Feb 27, 2013 at 8:17 am #1299765
I hope this post catches Bob Gross's attention – the guy is a source of great advice.
I'm heading to Nelson, BC for a 2 night, 3-day ski tour. We have a hut reservation for at least 1 night, but will likely say out the 2nd. I've camped out in the snow a few times, and I have typically used a double-bag approach.
After reading the great article/posts here about how moisture from the body often gets trapped before it exits the bag (as it hits the dew point, and will even freeze in the bag) in sub-zero conditions, I was using a down bag on the inside and synthetic on the outside.
I have: 15-degree down back, but it's about 10 years old and doesn't keep me warm below ~25.
I also have access to a newish 20-degree synthetic, and a 40-degree down.
I'm considering buying a 0-degree synthetic. But would love some advice from this forum on sleep systems for the winter months.
I'd prefer not to spend a ton of money – I know 600 fill down bags for 0-degree can be had fairly reasonably, and synthetics are downright inexpensive. But what are other people's setups for winter camping sleep systems?
For pads, I'll be using an original Neo Air on top of a foam RidgeRest.
We'll likely be sleeping in a tent (NEMO Pentalite). I know it's not an ideal snow shelter – we'll be avoiding sever storms, and have some backup plans if we get caught in one.
SimonFeb 27, 2013 at 8:36 am #1959217
@b-g-2-2Locale: Silicon Valley
I can't say much about British Columbia. Most of my area of operation is California. I've been out for a couple of weeks in temperatures down to -10 F, but I think B.C. will go colder than that.
I use a 30-year-old REI bag, 600 FP down rated to -20 F or else a 15-year-old NF down bag rated to -10 F. I quit using air mattresses for winter about 10 years ago. Whatever I use for a foam mattress, it is at least twice as thick as what I use for summer.
Your theory sounds right. I guess if you are on a tight budget, then you will have to go with some combination like you suggest. Keep in mind that synthetic bags like that are enormously bulky, so pretty soon you have to take a bigger and heavier backpack.
Tents can be a problem, also. In those temperatures, things don't stretch the way they normally do, so things break instead. That applies to fabrics, plastic connectors, adhesives, and about anything.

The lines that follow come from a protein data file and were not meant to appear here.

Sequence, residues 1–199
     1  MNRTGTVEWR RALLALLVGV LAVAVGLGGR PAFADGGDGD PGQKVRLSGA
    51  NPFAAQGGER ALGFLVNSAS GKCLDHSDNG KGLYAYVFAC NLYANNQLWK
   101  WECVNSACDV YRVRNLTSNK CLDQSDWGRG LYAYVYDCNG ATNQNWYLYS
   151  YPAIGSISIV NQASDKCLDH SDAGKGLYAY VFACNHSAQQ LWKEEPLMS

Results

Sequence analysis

–B.G.–Feb 27, 2013 at 9:00 am #1959224
thanks for your input. What do you do with the moisture that gets trapped in your bag overnight? I can see airing it out on my pack sometimes, but not most days. Doesn't your bag end up moist, and less effective?
Are you not in a tent, in that case? Tents are problematic because of all the trapped moisture if you don't have good ventilation.
SimonFeb 27, 2013 at 9:06 am #1959227
zorobabel frankensteinBPL Member
Since you're only sleeping one night in the tent, you can stop worrying about moisture buildup in your sleeping bag.Feb 27, 2013 at 10:04 am #1959253
Agreed – but I'd like a solution that will work for my longer trips as well.
Curious how other people deal with this.
-sFeb 27, 2013 at 1:40 pm #1959368
@b-g-2-2Locale: Silicon Valley
"What do you do with the moisture that gets trapped in your bag overnight? I can see airing it out on my pack sometimes, but not most days. Doesn't your bag end up moist, and less effective?"
This may sound odd, but don't trap so much moisture. Don't cinch up your bag too warmly, and that lets some steam out via the head opening.
Yes, the bag still accumulates some humidity. When you get up in the morning, there will be some finite amount of time before you are packing up to move. So, as soon as you vacate the bag, you turn it inside-out and try to hang it up someplace dry. That might be in the tent, on a tree branch, or between two skis in the sunshine. You try to let it steam dry as much as possible before you stuff it.
"Are you not in a tent, in that case? Tents are problematic because of all the trapped moisture if you don't have good ventilation."
You just answered your own question. Ventilate the tent better. You are not supposed to seal up the tent to preserve warmth. Instead, you close it up enough to shed most wind and precipitation, but you maintain some airflow to keep things semi-dry.
Sometimes I am in a tent on the snow, and sometimes I am in a snow shelter down in the snow. Strong wind blowing through is bad. A bit of ventilation is good.
I would not recommend the use of a woodburning stove in a snow shelter, but often we will run a white gas stove in the doorway or vestibule. I've tented as high as 19,500 feet elevation with the white gas stove burning in a vestibule.
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